• The question is ...

            If Apple can make those restrictions on iOS, why can't Microsoft with Windows RT?
            M Wagner
          • a fair question

            Though it would have been a clearer call had there not been a desktop version of IE for Windows RT. Why is desktop IE needed for Windows RT when there's Metro IE? Only reason I can think of is that it provides some web functionality in Office for ARM. Which leads to idle speculation that bundling Office with Windows RT raises antitrust issues or that it swells the OEM license cost for Windows RT, possibly making Windows RT tablets too expensive for people with no interest in using Office.
            hrlngrv 
          • Re; If Apple can make those restrictions on iOS, . .

            why can't Microsoft with Windows RT?
            @M Wagner

            As far as I can see the "fruit company" only requires the browser to use webkit only.

            Webkit is not their property, it was developed by the KDE team, based on QT and it is under a public license.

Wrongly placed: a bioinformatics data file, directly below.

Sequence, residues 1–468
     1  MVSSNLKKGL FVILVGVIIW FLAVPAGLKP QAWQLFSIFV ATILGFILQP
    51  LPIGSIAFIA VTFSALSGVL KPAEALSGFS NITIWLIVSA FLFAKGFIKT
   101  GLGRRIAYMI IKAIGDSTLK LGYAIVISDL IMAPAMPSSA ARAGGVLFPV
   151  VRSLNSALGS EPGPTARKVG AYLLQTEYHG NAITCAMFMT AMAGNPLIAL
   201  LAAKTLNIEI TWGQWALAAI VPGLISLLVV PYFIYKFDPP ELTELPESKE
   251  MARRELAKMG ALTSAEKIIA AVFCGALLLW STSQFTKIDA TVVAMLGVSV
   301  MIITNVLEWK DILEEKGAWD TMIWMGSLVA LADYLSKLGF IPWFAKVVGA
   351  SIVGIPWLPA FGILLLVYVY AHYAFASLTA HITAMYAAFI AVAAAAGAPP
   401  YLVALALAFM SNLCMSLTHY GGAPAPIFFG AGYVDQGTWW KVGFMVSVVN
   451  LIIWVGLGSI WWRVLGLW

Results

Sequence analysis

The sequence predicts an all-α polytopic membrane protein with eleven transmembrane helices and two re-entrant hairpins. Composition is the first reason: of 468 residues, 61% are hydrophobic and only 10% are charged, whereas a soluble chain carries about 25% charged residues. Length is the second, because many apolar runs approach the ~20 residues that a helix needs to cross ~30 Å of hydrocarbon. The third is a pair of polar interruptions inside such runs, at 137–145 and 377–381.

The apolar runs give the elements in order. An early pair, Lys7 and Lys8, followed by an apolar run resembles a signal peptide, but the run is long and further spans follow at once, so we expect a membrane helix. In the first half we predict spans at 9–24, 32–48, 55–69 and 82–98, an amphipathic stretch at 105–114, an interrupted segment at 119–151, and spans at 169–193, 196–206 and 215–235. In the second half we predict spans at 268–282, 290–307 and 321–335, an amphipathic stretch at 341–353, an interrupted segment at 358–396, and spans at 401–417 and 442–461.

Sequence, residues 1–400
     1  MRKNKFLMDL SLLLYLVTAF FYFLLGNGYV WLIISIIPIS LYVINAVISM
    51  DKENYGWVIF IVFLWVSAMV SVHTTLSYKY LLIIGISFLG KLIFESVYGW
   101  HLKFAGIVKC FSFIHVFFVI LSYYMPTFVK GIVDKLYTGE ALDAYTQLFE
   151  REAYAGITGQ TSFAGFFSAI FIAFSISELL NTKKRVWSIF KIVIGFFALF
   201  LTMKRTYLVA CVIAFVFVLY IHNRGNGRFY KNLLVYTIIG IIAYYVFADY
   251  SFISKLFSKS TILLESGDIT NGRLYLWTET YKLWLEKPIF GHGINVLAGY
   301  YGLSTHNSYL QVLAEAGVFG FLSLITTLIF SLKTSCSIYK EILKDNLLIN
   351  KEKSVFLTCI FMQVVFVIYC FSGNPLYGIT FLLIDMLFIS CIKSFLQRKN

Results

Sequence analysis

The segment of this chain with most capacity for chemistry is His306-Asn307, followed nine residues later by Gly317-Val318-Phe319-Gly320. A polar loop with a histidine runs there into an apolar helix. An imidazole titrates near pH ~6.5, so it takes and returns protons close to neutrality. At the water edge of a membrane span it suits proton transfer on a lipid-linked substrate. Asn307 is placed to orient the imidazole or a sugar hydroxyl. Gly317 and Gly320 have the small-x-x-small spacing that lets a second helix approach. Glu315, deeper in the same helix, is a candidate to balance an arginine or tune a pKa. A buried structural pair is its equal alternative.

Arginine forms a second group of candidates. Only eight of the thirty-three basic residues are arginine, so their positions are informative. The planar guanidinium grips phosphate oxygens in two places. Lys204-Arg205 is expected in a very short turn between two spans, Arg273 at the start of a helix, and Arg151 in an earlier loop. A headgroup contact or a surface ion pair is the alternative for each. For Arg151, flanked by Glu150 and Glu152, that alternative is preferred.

Konqueror (KDE browser and file manager) had it first. It is free to use.
            hkommedal
          • The question is ...

            The question is ...

            If Apple can make those restrictions on iOS, why can't Microsoft with Windows RT?
            M Wagner
          • Surface vs other Windows RT tablets

            Fairness would allow MSFT to do whatever the heck it wants to with the Surface ARM tablet. Similar product specs to iPad: hardware and software branded by the same company.

            It gets a little muddier with OEM ARM tablets. MSFT is just licensing an OS. An open question of law just how much MSFT gets to dictate to manufacturer and end buyer what they can put on those systems. If Windows RT can support SOME desktop software, it's an open question whether it could support MORE desktop software. IOW, if it were possible for Google or Mozilla or both working in a joint venture to figure out how to build Windows RT desktop executables and how to install them on Windows RT devices, could OEMs install such software on Windows RT devices?